This year the SGLBA, formerly the Gay Business Association, celebrates 30 years.

Founded in 1981, the Association has seen growth, challenges, change and progress and remains one of the oldest gay and lesbian community groups in Australia. Many of us know what the SGLBA does today, but not all of us know where it came from.

The SGLBA has a proud history of presenting notable speakers, serving the gay and lesbian community, supporting initiatives, individuals and groups through the Good Works Fund and Business Scholarships and providing space for gay and lesbian professionals to network and socialise.

It is with respect for those who have shared a connection to the GBA/SGLBA that we take this look back on the occasion of the SGLBA’s 30th anniversary.

Thirty years ago the landscape for gay and lesbian businessmen and women was very different from what professionals might experience today.

Homosexuality was illegal in many states and sodomy laws would be part of Australian law until 1994, when the Human Rights (Sexual Conduct) Act 1994 legalised sexual activity between consenting adults in private.

As was the case in many countries, lesbianism was never illegal in Britain and hence not illegal in Australia. It is thought that it was not illegal because lawmakers refused to believe it existed.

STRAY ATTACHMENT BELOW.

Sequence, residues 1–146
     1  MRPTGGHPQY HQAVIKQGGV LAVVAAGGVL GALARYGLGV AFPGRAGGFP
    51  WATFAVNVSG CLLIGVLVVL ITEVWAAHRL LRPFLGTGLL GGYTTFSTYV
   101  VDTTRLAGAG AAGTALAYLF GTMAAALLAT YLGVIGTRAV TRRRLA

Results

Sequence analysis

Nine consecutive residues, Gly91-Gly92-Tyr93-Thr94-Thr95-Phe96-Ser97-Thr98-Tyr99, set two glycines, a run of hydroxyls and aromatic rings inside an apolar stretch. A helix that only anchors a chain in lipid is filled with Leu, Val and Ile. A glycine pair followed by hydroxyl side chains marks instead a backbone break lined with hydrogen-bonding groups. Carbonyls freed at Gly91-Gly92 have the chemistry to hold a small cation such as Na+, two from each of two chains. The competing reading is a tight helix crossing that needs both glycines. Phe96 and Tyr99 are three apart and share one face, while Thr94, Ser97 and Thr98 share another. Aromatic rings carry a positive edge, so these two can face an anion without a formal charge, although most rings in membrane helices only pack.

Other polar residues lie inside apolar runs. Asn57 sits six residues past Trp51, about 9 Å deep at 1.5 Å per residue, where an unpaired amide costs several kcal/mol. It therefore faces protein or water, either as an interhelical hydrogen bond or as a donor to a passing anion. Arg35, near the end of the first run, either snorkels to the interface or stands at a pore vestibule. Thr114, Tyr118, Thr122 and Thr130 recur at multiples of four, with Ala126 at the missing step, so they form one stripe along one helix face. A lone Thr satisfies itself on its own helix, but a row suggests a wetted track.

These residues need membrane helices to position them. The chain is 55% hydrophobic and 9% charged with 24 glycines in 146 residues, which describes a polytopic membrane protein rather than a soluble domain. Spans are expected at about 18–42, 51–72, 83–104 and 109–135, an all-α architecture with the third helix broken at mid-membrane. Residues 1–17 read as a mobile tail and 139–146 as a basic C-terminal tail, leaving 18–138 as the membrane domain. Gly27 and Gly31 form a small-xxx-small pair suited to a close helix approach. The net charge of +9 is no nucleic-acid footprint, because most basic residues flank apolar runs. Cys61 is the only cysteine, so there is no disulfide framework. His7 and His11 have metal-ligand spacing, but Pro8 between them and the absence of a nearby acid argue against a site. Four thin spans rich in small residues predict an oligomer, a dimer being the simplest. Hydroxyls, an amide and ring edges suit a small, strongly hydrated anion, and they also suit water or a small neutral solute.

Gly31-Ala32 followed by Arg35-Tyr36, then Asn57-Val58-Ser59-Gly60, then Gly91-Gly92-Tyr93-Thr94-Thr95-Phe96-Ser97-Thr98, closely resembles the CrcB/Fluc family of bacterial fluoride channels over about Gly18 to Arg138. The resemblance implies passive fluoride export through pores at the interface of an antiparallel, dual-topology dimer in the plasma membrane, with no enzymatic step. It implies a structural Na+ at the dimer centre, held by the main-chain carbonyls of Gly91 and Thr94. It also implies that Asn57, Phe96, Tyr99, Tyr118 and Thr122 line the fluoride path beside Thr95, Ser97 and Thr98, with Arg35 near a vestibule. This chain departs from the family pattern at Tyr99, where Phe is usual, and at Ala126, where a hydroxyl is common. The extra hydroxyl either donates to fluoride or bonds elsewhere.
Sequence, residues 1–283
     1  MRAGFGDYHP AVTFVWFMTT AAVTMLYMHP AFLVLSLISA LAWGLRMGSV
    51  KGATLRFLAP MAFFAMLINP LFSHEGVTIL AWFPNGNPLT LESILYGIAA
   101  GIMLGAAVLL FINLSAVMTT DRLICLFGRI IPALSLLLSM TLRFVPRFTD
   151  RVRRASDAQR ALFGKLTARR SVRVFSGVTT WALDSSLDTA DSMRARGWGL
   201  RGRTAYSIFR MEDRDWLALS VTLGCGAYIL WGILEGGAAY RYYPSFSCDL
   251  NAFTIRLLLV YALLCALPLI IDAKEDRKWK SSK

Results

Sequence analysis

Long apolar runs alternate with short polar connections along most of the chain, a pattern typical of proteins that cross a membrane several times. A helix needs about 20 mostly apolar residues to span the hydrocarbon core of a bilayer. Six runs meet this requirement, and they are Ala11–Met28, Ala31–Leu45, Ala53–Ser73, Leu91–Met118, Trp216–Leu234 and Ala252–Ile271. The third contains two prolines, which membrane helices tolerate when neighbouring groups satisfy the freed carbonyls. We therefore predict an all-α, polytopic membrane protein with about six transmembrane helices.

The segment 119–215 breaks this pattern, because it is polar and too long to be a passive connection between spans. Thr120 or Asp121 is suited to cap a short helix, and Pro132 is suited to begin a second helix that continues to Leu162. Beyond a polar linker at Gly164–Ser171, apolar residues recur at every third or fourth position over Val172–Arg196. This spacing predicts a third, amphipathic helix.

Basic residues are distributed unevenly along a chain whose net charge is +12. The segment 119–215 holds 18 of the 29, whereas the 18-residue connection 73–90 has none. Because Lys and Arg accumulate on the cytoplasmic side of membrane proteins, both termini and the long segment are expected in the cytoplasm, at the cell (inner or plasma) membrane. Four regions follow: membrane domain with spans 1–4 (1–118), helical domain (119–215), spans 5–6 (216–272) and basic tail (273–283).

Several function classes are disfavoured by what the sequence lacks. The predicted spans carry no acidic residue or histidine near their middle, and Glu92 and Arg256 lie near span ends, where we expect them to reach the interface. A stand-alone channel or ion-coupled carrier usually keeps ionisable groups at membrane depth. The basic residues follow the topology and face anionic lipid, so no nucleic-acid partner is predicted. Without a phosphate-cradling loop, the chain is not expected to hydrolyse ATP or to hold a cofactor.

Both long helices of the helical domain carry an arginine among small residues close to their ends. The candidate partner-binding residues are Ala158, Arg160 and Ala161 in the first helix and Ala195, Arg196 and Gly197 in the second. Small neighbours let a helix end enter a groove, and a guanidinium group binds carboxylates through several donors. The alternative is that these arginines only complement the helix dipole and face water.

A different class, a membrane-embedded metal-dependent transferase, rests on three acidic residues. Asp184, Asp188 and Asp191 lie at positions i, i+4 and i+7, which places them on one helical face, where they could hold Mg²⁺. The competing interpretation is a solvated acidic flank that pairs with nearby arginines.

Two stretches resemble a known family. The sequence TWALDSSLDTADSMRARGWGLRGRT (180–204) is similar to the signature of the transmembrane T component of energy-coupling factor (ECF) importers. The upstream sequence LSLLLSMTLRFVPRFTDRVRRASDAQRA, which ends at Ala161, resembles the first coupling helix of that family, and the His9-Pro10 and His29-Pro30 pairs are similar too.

Homosexuality was considered by many, including the Australian Medical Association (AMA), to be an illness or disorder, only being removed from the AMA’s official list in 1984. New South Wales legalised male homosexuality in that same year.

During the 1970s, the Campaign Against Moral Persecution (CAMP) raised the profile and acceptance of Australia’s gay and lesbian communities. Most states and territories repealed their laws between 1976 and 1990.

Tasmania lagged behind other states and territories and it wasn’t until 1997 that the law prohibiting gay male sexual conduct was repealed. The famous cases of Toonen v Australia and Croome v Tasmania were instrumental in the struggle for recognition of same-sex rights in Tasmania.

Added pressure from the federal Government and the United Nations Human Rights Committee helped to convince the Tasmanian Government to lift the ban on homosexual activity.

Seven years later, in 2004, Tasmania was the first jurisdiction to recognise same-sex couples in Australia (under the Relationships Act 2003).

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